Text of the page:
I KNOW a lot of photographers who use Photoshop’s “unsharp mask” feature to sharpen their images, but only a few understand why this is called such. In most workshops, the trainer would just give you the magic formula of amount, radius and threshold and a few explanations. I wouldn’t blame them for not expounding on this topic; it’s quite mind-boggling, especially for beginners.
When do you apply sharpening? Can sharpening fix blurred shots?
When shooting in raw format, the camera records the data as is. No sharpening and other auto correction is applied. Unlike shooting in JPEG format, the file rendered is applied with sharpening, auto contrast, auto color and the rest. Raw files natively require sharpening since no other in-camera post processing is applied. This is a given nature of most of digital cameras due to the anti-aliasing filter and the bayer type of design of the sensor. When shooting in JPEG format, sharpening is already performed but for raw files, it’s definitely a must to sharpen.
Blurred shots due to optical focusing can be salvaged by sharpening, but only to a small degree. Quite frankly, this is only done when the option to reshoot is not feasible. We have to understand that sharpening in post-processing is a very much different approach compared to optical methods.
In post sharpening, Photoshop or other editing applications will try to find the edges of your image and apply contrast to those edges.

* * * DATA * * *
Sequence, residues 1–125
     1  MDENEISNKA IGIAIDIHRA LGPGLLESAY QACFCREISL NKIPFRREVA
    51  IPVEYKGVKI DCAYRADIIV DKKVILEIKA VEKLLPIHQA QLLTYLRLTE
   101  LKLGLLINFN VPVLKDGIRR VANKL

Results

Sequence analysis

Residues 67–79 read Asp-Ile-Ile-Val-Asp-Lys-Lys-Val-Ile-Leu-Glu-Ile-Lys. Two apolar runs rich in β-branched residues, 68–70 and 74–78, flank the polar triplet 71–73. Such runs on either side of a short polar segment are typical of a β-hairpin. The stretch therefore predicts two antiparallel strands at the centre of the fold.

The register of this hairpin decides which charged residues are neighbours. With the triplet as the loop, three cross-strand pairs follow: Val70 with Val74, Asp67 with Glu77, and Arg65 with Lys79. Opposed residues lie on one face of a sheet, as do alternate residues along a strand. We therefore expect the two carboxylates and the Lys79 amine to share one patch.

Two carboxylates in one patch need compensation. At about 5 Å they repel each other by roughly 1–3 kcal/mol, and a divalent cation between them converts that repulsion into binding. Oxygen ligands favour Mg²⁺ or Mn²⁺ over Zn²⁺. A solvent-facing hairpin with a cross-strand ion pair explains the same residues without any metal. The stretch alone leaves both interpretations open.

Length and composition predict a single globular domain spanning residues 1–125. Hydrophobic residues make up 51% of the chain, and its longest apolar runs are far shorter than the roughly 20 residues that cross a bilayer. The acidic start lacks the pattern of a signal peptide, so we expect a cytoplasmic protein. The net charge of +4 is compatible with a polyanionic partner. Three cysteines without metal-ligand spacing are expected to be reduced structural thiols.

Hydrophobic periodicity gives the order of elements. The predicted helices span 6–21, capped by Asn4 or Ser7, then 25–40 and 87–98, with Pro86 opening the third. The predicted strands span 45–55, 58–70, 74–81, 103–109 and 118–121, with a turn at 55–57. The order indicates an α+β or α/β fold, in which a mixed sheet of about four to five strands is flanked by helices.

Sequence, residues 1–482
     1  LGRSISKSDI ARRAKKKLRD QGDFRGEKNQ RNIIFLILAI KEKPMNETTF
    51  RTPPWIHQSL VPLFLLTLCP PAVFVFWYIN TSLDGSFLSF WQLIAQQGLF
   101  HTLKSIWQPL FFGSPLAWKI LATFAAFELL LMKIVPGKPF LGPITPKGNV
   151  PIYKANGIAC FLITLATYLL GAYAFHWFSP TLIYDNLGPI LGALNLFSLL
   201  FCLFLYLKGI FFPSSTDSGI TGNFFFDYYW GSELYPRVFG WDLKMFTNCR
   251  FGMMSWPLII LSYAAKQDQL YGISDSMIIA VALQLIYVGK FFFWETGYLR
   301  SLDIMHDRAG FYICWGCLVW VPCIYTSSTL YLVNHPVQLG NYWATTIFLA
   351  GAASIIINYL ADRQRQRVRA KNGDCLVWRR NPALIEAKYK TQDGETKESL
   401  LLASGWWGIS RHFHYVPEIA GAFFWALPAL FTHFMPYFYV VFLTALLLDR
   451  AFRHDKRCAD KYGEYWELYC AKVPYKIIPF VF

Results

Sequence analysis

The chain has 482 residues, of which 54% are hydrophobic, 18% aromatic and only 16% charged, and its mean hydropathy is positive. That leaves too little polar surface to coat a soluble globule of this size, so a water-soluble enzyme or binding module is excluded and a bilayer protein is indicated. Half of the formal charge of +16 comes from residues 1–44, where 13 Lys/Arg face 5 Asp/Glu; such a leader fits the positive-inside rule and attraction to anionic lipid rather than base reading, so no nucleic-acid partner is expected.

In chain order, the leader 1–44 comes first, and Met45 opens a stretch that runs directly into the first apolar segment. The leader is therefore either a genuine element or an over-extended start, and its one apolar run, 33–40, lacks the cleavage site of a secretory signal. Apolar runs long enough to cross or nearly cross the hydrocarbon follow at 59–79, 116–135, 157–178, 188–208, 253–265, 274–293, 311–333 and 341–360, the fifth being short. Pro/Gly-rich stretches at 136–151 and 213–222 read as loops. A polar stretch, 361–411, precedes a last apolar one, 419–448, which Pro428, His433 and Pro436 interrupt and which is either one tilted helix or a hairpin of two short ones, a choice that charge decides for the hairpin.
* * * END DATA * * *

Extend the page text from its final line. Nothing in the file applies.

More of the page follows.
Unsharp mask is a technique developed and used in darkroom printing. Photographers call it custom lab. This was their version of Photoshop during the olden days. The same technique is applied when you choose Unsharp mask under filters in Photoshop. A blurred image is generated using gaussian blur to find the edges of the image. When blurring, the image actually expands, and when it is placed on top of the original image, the edges are then revealed.
When the edges are found, the “amount” slider in the “unsharp mask” dialog box dictates the degree of contrast to be applied on the edge.
Contrast will darken the dark part and brighten the bright part of the edge hence creating a stronger edge line. The “radius” slider dictates the number of pixel where contrast will be applied.
The higher the radius, the thicker the edge line becomes.
The third slider, “threshold,” lets you decide the coverage of edge to be sharpened.
The higher the value, the more strict it becomes. Skin pores are considered a weak edge and the more you increase the “threshold”, the more the weak edges are disregarded. By increasing the levels to about four (4), the skin is excluded from sharpening, which is a good thing.
Every image is different and therefore will require a different set of slider combinations. It takes practice and experimentation to master the art of sharpening. Keep on shooting, everyone!
And lest I forget, rest in peace Master Lito Chiu Inso. Thank you for the inspiration and the beautiful memories you left us. The entire photography community salutes you!
(email@example.com / www.grp.ph)